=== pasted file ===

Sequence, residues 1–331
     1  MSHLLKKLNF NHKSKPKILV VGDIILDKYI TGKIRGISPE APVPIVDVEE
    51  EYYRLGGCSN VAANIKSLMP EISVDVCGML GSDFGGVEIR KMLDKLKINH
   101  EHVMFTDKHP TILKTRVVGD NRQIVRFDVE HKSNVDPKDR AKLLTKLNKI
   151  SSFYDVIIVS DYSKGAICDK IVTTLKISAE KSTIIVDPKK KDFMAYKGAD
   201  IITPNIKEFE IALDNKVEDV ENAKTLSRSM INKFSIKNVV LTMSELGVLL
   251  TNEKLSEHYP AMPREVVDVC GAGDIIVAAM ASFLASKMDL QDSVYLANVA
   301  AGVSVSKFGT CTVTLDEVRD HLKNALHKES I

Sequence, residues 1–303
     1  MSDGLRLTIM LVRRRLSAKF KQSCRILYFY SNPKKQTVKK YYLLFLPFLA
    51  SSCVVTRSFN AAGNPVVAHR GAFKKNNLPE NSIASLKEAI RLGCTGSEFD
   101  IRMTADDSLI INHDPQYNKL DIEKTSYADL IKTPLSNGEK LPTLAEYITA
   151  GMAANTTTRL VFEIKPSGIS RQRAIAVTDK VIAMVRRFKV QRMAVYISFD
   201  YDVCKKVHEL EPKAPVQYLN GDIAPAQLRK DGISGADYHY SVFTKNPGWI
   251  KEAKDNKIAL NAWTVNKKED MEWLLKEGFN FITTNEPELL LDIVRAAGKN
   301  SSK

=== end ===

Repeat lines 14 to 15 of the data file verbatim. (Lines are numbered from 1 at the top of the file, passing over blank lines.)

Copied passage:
   201  YDVCKKVHEL EPKAPVQYLN GDIAPAQLRK DGISGADYHY SVFTKNPGWI
   251  KEAKDNKIAL NAWTVNKKED MEWLLKEGFN FITTNEPELL LDIVRAAGKN